Share This Article

by Dmitry Degtev and Dmitry Zubov, Pen & Sword, 2021, $34.95.

Innumerable books have been written about the 1940 Battle of Britain. Almost nothing has been published in the West concerning the equally pivotal World War II aerial campaign waged over Moscow between Germany and the Soviet Union during 1941 and early 1942. 

Although the Luftwaffe commenced bombing Moscow from the day Germany invaded the Soviet Union on June 22, 1941, the air campaign really began in earnest in October, when the Wehrmacht launched its offensive to capture the Soviet capital. Adolf Hitler intended that to be the final offensive on the Eastern Front, after which the Soviet Union would capitulate and Germany could redirect its forces toward the Mediterranean and the invasion of Britain. Like Napoleon before him, however, Hitler was proven wrong. Napoleon’s seizure of Moscow did not end his war, while Hitler never captured Moscow at all.

As depicted by the Russian authors of Air Battle for Moscow, the aerial struggle became an instance of irresistible Luftwaffe force versus an immovable Soviet object. The former was commanded by Wolfram von Richthofen, cousin of the “Red Baron” Manfred von Richthofen of World War I fame. According to the authors, beginning with the bombing of Guernica during the Spanish Civil War, “the sight of burning ruins and thousands of corpses gave Richthofen extraordinary pleasure, as he repeatedly wrote in his diary.”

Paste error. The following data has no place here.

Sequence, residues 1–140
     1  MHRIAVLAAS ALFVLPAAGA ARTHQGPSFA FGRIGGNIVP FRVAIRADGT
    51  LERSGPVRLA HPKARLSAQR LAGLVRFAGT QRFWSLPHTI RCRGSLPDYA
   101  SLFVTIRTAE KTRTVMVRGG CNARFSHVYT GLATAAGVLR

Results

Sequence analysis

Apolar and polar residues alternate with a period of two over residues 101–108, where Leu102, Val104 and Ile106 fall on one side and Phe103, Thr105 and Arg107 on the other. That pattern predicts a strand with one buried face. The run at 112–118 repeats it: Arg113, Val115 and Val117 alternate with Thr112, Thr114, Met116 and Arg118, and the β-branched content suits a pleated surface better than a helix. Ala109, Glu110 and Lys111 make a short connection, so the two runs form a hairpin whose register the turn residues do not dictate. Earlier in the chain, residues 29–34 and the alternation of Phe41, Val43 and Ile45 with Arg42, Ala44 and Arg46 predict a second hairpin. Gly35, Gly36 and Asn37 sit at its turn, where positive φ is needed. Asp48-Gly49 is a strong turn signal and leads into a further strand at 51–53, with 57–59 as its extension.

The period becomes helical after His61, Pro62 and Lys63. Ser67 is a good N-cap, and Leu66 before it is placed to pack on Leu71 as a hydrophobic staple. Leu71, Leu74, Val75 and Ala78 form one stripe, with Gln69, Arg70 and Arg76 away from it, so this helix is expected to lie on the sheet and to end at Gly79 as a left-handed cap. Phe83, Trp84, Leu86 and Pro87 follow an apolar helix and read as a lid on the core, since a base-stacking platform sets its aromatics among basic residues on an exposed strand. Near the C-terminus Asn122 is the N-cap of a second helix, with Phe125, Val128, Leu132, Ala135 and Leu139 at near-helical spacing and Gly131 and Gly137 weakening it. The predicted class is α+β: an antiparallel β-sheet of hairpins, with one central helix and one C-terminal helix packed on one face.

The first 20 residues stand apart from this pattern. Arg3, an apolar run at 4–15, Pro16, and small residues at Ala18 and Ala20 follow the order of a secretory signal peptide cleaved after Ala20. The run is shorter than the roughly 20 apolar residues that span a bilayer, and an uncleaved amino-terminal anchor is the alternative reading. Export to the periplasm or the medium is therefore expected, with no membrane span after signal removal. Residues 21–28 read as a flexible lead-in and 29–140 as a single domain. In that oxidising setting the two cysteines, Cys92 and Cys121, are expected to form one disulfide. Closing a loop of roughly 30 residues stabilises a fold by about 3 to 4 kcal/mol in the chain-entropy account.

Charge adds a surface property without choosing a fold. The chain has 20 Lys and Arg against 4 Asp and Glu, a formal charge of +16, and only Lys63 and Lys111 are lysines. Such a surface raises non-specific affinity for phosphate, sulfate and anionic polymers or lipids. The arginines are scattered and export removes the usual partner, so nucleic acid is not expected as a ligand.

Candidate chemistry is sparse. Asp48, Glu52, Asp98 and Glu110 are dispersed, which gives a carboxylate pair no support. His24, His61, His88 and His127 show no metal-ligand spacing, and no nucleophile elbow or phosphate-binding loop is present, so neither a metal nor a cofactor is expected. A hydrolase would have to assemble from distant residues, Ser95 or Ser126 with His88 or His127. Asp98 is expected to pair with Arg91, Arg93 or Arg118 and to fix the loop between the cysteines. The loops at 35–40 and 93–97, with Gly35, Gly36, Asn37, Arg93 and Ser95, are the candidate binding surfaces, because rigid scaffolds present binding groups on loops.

Opposing Richthofen was Ivan Klimov, commander of the Soviet air defense units over Moscow, who, the authors note, “skillfully falsified documents…telling Stalin about continuous victories over the city.” Indeed, the authors freely acknowledge that “to this day, Klimov’s falsified reports continue to ‘mislead Russian historians.’”

A 1978 television series about WWII on the Eastern Front was entitled The Unknown War. Air Battle for Moscow might qualify for the same heading in its depiction of events within that conflict about which almost nothing heretofore has been known outside of Russia. That makes this new volume, derived from both Russian and German sources, particularly welcome.

this article first appeared in AVIATION HISTORY magazine

Facebook @AviationHistory | Twitter @AviationHistMag